It's time again for the High & the Low, a Curbed SF column chronicling the most and least expensive homes sold in San Francisco in the last seven days. (Sales information gathered from Zillow, Redfin, and Realtor.) So how far did the needle swing this week, and what did it hit?
The city's most expensive sale this week was in Cow Hollow on the corner of Scott and Green street, a flat-topped Edwardian with a wide Juliet balcony. On Tuesday, 2755 Scott Street paid out an enormous $6.17 million after only over a month on the market.
This five-bedroom, four-bath pad dates back to 1916 and poured an awful lot of love into its wide central staircase, framed by equally wide segmental arches on the ground floor. Notice the second floor landing, which is so spacious that it's treated as an entire, small room all on its own. The $6 million dollar payday is almost fully double what this home sold for ($3.15 million) back in 2010.
On the other end of the spectrum on the low side, we have this tidily sized one-bed, one-bath, 600-square-foot condo at 901 Bayshore, immediately next to the Silver Terrace Playground, which sold for a mere $300,000. That's actually $38,000 less than it listed for three months ago.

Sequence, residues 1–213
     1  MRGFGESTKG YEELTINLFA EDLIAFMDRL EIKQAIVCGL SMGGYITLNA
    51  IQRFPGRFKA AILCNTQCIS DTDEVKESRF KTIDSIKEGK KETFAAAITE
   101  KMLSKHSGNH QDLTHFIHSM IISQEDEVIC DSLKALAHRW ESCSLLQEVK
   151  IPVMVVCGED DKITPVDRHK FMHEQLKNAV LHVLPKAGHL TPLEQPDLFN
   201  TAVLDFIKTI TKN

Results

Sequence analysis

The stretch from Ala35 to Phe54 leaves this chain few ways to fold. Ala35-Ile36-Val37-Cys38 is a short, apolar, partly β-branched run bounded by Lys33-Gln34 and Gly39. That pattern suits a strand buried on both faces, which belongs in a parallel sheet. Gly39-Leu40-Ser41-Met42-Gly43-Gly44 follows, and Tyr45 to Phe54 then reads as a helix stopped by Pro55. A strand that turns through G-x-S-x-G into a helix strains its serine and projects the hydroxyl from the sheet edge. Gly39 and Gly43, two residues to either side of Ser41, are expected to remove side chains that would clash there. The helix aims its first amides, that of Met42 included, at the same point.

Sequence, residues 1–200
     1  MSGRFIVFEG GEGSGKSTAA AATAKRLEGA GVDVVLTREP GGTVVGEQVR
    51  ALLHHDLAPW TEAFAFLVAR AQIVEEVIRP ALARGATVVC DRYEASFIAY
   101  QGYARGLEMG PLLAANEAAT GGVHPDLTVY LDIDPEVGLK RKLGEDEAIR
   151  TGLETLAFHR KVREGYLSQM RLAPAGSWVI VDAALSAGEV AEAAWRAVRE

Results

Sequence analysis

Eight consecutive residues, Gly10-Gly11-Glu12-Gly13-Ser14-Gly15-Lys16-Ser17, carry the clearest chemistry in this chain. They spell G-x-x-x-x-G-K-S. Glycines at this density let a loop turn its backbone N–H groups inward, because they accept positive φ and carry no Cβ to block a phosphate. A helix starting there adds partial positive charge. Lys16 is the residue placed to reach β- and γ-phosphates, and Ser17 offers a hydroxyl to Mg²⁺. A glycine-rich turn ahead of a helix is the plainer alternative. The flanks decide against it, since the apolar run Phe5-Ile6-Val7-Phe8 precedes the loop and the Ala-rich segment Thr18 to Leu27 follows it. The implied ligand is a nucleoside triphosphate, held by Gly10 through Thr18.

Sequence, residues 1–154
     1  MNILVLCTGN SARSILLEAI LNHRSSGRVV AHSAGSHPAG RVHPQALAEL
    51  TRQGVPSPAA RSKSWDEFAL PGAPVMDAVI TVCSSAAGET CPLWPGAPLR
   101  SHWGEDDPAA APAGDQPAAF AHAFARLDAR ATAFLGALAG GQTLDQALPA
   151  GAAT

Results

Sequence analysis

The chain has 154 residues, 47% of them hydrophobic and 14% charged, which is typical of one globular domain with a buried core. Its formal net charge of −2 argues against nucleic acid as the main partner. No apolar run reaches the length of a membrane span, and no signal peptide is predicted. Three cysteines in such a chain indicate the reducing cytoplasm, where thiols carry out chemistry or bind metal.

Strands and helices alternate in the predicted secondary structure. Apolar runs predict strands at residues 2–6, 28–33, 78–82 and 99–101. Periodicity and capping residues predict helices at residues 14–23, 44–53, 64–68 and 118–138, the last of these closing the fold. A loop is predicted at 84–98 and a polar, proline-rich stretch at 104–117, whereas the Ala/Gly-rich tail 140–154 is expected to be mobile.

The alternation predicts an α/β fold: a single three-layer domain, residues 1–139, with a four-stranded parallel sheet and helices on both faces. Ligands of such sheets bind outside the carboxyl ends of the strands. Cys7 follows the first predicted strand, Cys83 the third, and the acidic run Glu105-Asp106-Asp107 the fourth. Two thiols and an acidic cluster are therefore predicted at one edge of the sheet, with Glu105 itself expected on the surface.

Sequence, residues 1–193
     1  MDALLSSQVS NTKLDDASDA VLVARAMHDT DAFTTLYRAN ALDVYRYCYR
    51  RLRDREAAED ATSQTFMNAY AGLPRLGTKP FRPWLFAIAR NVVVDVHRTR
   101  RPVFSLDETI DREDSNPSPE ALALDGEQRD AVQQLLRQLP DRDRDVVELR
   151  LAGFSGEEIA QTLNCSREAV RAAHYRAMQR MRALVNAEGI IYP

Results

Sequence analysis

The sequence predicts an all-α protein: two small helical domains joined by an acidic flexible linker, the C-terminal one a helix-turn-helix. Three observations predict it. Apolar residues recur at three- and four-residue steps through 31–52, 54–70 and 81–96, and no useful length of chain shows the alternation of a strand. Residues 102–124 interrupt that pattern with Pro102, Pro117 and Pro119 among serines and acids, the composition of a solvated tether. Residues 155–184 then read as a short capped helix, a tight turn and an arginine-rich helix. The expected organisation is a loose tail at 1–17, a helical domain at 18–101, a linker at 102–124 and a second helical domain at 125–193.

The reason for this is that the circa 2003 building is specially mandated and priced as senior housing, where every condo must have at least one resident over the age of 55.
Some people might argue that senior housing doesn't really count, though, since it's intentionally priced below the norm. The next least costly home this week, then, is a two bed, 750-square- foot Visitacion Valley house originally built in 1912.
The ad for this vaguely lemon-colored home at 135 Rey Street describes it as a "contractor's dream" that "could be adorable." Which is salesperson speak admitting that the old place could use a lot of love and care. Still, it sold for $605,000, more than 25 percent over its listing price.